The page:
“Flipped” and adaptive learning programs gained traction on campus. A high-profile internet hoax involving a college athlete propelled the term “catfishing” into the public consciousness. MOOCs hit some key stumbling blocks, while the notion of a college degree became more fluid.

techThese were some of the key ed-tech developments affecting colleges and universities in the past year—and we’ve got a full recap for you right here.

In this special all-digital publication, the editors of eCampus News highlight what we think are the 10 most significant higher-education technology stories of 2013.

To learn how these stories have made an impact on colleges and universities this year—and how they’ll continue to shape higher education in 2014 and beyond—read on.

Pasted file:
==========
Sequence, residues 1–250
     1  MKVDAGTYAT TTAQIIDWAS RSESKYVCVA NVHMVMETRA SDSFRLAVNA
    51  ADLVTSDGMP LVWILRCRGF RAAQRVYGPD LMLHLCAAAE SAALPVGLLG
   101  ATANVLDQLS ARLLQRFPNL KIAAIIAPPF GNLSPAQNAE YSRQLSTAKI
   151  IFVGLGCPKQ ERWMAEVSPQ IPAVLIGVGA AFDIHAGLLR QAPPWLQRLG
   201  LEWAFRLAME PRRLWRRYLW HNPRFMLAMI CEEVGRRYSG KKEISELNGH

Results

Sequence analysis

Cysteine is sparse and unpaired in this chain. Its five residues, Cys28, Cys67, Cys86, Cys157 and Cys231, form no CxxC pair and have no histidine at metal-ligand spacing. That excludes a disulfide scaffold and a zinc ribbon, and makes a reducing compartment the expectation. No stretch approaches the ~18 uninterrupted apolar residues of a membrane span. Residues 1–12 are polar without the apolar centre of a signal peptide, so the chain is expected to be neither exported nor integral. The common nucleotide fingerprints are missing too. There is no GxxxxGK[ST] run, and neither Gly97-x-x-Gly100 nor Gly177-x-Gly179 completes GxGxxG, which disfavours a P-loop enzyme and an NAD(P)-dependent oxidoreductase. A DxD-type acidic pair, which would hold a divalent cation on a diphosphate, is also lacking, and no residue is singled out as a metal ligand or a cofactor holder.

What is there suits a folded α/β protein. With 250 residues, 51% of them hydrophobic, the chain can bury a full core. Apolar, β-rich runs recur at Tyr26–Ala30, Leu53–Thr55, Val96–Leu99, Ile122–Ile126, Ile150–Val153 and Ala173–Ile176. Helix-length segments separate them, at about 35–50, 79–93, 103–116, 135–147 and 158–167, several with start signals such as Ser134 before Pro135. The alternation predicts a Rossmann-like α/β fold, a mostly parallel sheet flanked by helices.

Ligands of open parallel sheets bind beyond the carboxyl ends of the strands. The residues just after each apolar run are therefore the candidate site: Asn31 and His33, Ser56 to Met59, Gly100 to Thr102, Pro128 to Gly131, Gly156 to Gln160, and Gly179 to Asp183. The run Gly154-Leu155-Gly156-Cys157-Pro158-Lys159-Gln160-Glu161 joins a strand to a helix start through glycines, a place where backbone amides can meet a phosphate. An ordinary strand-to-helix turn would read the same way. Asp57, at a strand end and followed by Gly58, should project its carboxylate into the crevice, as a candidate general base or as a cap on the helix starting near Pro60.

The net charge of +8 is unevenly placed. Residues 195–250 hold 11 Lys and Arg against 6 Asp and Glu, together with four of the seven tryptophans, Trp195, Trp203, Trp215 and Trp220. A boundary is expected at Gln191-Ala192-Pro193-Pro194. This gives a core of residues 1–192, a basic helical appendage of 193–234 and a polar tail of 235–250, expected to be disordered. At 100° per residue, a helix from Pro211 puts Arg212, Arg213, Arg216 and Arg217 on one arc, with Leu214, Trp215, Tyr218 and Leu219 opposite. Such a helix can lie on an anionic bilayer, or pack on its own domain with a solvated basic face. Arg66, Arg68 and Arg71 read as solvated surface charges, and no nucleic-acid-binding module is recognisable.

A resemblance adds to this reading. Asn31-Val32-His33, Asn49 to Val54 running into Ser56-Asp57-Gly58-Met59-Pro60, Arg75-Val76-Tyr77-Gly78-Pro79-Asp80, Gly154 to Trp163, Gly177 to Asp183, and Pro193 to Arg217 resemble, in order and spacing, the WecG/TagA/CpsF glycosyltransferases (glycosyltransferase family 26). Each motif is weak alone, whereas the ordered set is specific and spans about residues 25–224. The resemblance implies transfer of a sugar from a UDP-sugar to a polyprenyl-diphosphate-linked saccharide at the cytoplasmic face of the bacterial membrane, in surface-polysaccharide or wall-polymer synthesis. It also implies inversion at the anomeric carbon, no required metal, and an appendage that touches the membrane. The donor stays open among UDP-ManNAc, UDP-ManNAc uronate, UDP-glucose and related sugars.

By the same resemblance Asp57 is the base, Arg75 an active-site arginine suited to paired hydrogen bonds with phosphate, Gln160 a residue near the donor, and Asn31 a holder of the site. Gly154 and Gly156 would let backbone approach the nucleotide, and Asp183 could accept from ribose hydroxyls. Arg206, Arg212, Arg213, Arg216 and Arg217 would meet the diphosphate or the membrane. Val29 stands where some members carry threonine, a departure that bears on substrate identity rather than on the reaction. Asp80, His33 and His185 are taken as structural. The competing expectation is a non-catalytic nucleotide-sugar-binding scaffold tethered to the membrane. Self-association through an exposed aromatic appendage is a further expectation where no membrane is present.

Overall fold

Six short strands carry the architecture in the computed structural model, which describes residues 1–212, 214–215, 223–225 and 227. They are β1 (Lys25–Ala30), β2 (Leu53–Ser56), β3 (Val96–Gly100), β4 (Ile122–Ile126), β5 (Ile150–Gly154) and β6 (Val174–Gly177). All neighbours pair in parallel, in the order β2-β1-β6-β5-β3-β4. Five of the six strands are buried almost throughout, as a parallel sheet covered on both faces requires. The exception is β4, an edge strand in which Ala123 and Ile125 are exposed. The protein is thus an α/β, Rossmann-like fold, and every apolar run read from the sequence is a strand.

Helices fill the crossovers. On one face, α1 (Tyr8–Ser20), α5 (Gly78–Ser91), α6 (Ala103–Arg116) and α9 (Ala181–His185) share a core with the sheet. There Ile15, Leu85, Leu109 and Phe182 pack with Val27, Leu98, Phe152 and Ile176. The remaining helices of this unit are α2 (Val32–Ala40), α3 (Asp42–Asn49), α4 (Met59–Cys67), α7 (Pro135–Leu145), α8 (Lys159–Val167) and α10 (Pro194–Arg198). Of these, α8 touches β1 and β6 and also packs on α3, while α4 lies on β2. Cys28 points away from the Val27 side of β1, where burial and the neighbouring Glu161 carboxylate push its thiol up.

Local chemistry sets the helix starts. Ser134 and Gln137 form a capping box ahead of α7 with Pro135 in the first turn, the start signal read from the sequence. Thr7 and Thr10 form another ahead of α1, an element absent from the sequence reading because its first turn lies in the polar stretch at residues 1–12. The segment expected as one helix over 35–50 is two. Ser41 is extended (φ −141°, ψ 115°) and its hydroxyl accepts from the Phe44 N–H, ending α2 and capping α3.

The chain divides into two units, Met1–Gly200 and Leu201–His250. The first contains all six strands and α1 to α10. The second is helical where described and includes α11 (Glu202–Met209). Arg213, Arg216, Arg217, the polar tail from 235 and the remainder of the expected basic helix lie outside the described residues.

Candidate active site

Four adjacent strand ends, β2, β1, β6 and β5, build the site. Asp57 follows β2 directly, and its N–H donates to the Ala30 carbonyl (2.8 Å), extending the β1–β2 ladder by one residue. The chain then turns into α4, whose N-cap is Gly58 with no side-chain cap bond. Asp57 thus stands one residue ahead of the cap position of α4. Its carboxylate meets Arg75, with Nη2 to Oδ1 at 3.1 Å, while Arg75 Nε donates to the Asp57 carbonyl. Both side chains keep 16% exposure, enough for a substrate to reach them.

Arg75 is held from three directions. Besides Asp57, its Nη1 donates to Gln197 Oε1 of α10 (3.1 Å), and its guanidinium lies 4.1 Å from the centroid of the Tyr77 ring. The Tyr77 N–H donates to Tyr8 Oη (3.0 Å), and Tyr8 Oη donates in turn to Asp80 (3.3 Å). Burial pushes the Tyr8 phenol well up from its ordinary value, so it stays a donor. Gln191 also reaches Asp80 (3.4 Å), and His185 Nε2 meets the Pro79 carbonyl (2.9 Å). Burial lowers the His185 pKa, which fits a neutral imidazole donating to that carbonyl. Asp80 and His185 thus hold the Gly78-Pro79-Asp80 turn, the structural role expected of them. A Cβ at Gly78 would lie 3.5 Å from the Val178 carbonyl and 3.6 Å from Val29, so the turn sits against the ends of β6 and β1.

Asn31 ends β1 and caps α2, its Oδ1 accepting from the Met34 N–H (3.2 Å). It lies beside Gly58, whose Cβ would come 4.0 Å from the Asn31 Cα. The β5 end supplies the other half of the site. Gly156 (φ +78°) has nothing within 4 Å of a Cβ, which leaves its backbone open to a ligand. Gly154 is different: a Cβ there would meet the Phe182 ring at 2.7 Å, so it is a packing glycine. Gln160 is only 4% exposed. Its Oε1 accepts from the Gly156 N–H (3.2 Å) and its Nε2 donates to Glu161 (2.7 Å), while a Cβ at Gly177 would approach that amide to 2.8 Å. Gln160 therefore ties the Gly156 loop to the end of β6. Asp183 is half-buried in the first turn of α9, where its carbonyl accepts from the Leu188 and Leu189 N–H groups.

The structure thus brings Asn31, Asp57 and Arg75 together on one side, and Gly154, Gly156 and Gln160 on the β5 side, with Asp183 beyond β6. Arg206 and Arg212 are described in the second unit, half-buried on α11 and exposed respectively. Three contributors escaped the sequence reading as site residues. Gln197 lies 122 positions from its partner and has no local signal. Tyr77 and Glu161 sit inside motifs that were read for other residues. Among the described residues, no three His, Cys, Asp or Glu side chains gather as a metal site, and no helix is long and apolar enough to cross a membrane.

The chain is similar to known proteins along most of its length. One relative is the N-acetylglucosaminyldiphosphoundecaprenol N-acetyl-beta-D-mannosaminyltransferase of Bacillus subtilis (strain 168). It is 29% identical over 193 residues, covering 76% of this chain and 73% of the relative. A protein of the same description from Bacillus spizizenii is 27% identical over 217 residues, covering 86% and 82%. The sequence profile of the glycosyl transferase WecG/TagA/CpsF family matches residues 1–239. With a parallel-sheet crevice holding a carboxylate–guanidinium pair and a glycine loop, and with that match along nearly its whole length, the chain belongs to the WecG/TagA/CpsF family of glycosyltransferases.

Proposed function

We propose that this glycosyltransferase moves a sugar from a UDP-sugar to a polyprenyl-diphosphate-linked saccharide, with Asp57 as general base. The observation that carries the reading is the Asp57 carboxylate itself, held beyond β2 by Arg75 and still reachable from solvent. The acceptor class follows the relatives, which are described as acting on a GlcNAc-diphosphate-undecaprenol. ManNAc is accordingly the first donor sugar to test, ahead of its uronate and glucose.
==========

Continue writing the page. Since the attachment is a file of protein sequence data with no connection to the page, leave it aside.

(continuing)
10. Digital textbook options keep multiplying—but are students taking advantage?

At the beginning of the year, Pearson said it was buying a 5-percent stake in Barnes & Noble’s Nook eReader as technology companies seek new inroads into the potentially lucrative digital textbook market.

In August, Google announced that its Google Play digital media store would offer digital textbooks from some of education’s best-known publishers, including Pearson, McGraw-Hill, and Macmillan.

And Boundless Learning, which uses a process called “alignment” to pull together open content to create a free, digital version of an existing textbook, has expanded its mobile presence by launching premium textbook options with a variety of new features.

These are some of the many developments in the past year that have expanded the textbook options available to students.


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